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The Congress is the best friend of the Thackerays

Thursday, October 21, 2010 10:43:34 PM, Amulya Ganguly, IANS

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The rise of GenNext in Shiv Sena chief Bal Thackeray's Mumbai household is unlikely to bring any change to the family's mean-minded parochial politics. As much is clear from the first boorish act of Balasaheb's grandson, Aditya, as head of the patriarchal party's youth wing.

By forcing Mumbai University's vice-chancellor to withdraw the Canada-based Parsi author Rohinton Mistry's book, "Such A Long Journey", from the syllabus, the young man has shown that he is a true inheritor of the family's hallmark of pettiness and insularity.

Those who believe that young people with fresh minds and new ideals are the harbingers of change will be disappointed. But when a family functions like a mafia outfit, as the two Bollywood films on the Thackerays - "Sarkar" and "Sarkar Raj" - showed, then the claustrophobic atmosphere of small-minded chauvinism infects whoever is associated with it.

The urge for a new beginning is perhaps also negated by the fact that the Thackerays - Balasaheb, his son Uddhav, nephew Raj (who has formed his own party) and Aditya - have faced almost no major obstacles in their pursuit of aggressive policies directed mainly at the immigrants in Mumbai.

Right from 1966, when Balasaheb founded the Shiv Sena, his cadres have had an unchecked run of intimidation and even assault on "outsiders" for - in the Sena's view - depriving local Marathis of their livelihood.

There are two reasons why the state government's response to their violence has only been in fits and starts and has never caused any serious discomfort to the Thackerays for breaking the law. One is that the ruling parties like the Congress and the Nationalist Congress Party (NCP), which are in power at present, have tended to use the Sainiks for their own political advantage.

For instance, the Congress used them in the 1960s and 1970s against communist trade unions. As a result, the Left has hardly any presence in the state today although Mumbai could once boast of being the home of a leader like S.A. Dange, the Communist Party of India's chairman. Similarly, the socialists, too, have been weakened although they had in their ranks prominent individuals like Madhu Dandavate and Mrinal Gore.

What the Congress could not always do on its own to safeguard its reputation, it achieved by utilising the streetfighting capabilities of a fascist outfit like the Sena. Although the latter outgrew its usefulness for the Congress and became something of a Frankenstein's monster, it never posed a serious political challenge because of its narrow base comprising mainly the Marathi urban lower middle class.

The second reason why the Thackerays have thrived is that despite the limited nature of their base, it is still a constituency which the ruling parties cannot ignore or afford to antagonise by entangling the family in legal difficulties. Only a charismatic, high-minded leader of obvious popularity could have reminded the pro-Thackeray elements about the damage they are inflicting on Maharashtra's image by their intense provincialism. But neither the Congress nor the NCP has such a leader in their ranks.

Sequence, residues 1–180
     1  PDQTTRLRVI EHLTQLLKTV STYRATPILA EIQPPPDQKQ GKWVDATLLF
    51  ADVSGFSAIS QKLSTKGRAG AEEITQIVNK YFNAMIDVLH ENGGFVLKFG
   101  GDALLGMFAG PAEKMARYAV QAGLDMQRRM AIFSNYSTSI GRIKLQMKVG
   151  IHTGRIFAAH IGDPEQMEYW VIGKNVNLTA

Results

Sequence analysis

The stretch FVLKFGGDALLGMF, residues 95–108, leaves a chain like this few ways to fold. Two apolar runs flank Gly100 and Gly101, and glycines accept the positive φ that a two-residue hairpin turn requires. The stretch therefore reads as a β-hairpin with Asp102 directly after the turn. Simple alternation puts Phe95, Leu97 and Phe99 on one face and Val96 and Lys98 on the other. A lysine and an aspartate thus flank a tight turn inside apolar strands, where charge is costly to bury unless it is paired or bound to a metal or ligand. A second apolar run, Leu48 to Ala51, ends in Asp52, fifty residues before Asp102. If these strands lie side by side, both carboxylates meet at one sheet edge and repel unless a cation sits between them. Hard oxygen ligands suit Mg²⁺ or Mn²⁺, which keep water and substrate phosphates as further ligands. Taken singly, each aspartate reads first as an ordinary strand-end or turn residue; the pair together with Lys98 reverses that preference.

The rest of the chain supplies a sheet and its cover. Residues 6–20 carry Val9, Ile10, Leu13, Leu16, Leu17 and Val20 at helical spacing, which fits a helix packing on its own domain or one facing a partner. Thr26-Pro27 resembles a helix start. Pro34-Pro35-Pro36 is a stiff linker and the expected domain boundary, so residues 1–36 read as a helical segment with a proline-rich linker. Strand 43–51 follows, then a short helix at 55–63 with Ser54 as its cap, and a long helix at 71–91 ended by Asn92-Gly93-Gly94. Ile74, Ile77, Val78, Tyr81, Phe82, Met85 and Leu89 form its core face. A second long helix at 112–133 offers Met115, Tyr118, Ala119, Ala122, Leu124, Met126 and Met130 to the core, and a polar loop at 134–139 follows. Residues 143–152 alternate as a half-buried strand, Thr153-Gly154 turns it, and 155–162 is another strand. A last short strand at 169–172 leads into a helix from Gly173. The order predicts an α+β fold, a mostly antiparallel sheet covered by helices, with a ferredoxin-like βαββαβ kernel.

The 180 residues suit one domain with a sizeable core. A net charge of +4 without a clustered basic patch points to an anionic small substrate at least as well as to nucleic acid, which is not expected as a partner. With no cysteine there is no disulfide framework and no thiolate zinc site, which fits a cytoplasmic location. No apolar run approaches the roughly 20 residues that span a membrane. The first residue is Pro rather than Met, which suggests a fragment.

This deficiency of the major parties explains why the chief minister lost no time in endorsing the Shiv Sena's stance on Mistry's book by calling it "objectionable". Although a Congress spokesman in New Delhi timidly decried such "censorship", both the party in Maharashtra and the state government know that their essentially pro-Shiv Sena line is in no danger because of electoral compulsions.

These stem not only from the need to keep the Marathi manoos (people) in good humour but also from the fact that keeping both the Shiv Sena and the Maharashtra Navnirman Sena (MNS) - which is Raj Thackeray's outfit - politically viable helps the ruling parties by dividing the parochial vote between the two parties.

But even as the Congress and the NCP play their opportunistic games with the Shiv Sena and the MNS, there is little doubt that Maharashtra's reputation is taking a beating. After the latest incident, for instance, few will regard the chief minister as a man of education and discernment or Mumbai University as a haven for academics.

That there are no fundamental differences between the apparently secular and liberal Congress and the sub-nationalism of the Thackeray outfits is evident from the ease with which the former has accepted defectors from the Shiv Sena like Narayan Rane and Sanjay Nirupam. The NCP too has accommodated Chhagan Bhujbal who had once - when he was a Sainik - said that the statues of Mahatma Gandhi would be replaced by those of his assassin, Nathuram Godse.

Given the bonhomie between the guardians of law and order and the lawless elements, it is hardly surprising that despite the Supreme Court's lifting of the ban on James W. Laine's biography of Shivaji, the state government has done nothing to ensure that the bookshops can sell its copies. One can expect a similar reluctance on the part of the authorities to assure the shops that selling Mistry's book is safe. For all its protestations, the Congress is the best friend of the Thackerays.

(Amulya Ganguli is a political analyst. He can be reached at






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